New Approaches to Conservation Law
New Horizons in Environmental and Energy Law series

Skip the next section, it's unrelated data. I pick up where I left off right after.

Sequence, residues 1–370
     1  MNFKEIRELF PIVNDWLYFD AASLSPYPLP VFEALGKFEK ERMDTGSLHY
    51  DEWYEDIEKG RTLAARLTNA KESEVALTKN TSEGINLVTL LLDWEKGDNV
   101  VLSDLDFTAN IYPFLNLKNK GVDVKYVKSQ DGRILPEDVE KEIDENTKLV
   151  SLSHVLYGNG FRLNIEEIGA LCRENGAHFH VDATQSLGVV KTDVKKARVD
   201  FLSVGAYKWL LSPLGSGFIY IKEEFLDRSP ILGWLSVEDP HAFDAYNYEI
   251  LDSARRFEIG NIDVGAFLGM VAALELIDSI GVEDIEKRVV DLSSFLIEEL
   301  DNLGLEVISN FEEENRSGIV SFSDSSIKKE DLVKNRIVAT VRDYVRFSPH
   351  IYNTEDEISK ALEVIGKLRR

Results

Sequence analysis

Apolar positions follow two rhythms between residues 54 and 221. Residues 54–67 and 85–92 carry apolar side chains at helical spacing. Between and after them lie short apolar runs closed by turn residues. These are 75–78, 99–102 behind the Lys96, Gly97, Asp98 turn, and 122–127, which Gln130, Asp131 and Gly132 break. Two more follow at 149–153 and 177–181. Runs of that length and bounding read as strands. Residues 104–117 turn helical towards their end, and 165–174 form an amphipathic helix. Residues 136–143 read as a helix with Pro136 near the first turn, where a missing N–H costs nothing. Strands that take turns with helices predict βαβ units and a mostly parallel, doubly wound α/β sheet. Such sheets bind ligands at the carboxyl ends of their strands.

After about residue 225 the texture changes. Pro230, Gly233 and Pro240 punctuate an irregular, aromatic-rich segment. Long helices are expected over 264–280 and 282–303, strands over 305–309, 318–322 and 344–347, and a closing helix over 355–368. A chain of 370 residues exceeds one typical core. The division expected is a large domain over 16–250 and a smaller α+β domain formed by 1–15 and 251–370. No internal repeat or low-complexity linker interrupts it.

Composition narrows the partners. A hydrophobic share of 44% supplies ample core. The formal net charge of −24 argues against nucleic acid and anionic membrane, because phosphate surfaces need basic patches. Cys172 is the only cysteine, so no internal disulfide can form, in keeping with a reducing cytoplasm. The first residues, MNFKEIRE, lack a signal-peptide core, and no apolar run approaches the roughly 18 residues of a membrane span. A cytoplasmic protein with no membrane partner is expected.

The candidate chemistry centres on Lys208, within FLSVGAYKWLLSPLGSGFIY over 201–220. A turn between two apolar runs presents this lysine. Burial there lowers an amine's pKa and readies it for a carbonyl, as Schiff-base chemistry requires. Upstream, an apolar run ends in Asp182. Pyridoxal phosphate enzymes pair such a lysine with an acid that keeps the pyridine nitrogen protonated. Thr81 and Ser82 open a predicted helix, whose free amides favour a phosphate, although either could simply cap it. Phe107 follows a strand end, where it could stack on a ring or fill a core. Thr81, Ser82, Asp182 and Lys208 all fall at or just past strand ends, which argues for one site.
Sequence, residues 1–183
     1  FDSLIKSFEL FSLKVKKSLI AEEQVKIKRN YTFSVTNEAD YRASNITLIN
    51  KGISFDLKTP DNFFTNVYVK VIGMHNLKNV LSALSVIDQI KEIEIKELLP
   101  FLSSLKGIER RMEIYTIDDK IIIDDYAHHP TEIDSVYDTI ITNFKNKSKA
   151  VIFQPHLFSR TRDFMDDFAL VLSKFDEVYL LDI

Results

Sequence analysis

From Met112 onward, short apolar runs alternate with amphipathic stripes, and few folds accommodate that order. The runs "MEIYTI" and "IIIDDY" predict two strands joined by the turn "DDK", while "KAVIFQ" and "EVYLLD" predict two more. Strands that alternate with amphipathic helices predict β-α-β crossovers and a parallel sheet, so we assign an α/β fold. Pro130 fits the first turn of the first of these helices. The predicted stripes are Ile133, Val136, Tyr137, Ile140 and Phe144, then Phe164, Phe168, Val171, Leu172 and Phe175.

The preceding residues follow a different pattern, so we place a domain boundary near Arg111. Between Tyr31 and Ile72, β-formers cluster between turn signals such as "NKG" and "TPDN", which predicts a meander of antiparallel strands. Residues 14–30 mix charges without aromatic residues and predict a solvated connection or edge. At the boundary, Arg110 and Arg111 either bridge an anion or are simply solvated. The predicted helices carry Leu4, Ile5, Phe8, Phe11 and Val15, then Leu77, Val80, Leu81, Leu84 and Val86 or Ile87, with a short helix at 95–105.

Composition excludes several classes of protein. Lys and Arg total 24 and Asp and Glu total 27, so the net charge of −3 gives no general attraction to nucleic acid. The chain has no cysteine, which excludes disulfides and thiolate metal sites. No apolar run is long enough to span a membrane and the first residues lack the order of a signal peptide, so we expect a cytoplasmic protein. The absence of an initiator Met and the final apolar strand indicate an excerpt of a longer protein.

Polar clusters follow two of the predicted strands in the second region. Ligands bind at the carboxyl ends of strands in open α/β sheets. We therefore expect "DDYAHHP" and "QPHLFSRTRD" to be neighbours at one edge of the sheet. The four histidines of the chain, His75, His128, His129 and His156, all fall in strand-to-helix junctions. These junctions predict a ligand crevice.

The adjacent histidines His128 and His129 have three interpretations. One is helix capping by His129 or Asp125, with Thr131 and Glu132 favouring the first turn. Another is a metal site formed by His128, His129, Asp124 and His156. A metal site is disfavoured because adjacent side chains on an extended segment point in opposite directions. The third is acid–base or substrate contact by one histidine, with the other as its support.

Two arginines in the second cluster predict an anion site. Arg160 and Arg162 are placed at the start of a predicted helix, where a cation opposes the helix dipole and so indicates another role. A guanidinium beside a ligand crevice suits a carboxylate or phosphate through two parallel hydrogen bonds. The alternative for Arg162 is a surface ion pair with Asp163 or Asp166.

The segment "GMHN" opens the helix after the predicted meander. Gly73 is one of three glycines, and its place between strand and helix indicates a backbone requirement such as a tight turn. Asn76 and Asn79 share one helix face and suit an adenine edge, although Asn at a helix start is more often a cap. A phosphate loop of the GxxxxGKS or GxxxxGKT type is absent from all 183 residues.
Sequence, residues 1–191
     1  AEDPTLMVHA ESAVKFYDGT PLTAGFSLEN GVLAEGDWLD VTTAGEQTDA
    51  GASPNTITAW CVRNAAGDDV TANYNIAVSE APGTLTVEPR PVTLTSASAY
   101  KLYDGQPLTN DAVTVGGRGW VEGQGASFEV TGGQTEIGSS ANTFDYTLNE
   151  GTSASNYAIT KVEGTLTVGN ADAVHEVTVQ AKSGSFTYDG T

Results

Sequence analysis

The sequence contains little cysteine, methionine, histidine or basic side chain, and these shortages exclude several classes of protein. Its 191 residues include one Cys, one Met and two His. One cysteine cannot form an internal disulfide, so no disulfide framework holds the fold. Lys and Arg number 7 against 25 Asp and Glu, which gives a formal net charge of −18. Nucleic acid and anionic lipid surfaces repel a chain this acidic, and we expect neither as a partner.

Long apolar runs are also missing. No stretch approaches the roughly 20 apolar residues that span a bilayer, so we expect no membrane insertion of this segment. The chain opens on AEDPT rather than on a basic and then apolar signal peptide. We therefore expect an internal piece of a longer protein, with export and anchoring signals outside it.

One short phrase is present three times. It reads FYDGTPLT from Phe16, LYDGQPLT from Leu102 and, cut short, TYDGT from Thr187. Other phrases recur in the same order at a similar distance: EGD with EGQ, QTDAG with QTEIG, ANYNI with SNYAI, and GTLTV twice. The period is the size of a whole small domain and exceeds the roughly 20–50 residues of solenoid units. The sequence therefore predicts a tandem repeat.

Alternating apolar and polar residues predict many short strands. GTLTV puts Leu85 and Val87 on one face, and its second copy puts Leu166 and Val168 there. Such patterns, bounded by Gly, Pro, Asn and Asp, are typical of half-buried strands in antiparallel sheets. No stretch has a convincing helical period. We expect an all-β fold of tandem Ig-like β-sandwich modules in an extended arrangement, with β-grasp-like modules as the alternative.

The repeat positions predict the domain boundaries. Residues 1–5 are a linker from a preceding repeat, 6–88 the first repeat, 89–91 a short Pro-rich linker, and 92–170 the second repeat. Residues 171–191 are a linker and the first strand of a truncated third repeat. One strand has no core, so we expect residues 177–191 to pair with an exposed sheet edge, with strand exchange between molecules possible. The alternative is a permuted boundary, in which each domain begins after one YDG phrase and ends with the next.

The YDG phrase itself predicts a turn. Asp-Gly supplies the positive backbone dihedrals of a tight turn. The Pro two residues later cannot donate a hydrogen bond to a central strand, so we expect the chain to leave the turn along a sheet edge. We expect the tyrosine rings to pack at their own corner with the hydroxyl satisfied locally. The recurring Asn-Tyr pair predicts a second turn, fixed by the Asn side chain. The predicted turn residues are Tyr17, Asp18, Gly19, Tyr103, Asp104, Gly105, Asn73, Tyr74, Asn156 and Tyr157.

There are substantial ethical objections to a market-based approach to biodiversity. The Land Ethic, Deep Ecology and Wild Law all call (in different ways) for humans to see themselves as part of the natural world, not as its masters who are free to buy, sell or destroy it. To the extent that schemes rely on the creation of habitats to balance losses which are being permitted to occur, there are concerns that these are inherently different from authentic habitats, and that returning land to its ‘wild’ state can destroy valuable human heritage. There are also concerns that some matters are inherently unsuited to a market-based approach and that there needs to be an appreciation that the application of such thinking alters our perception of relationships between parties and with the things being traded. It must be recognised, though, that existing legal approaches also embody choices which are relevant here and far from uncontestable.
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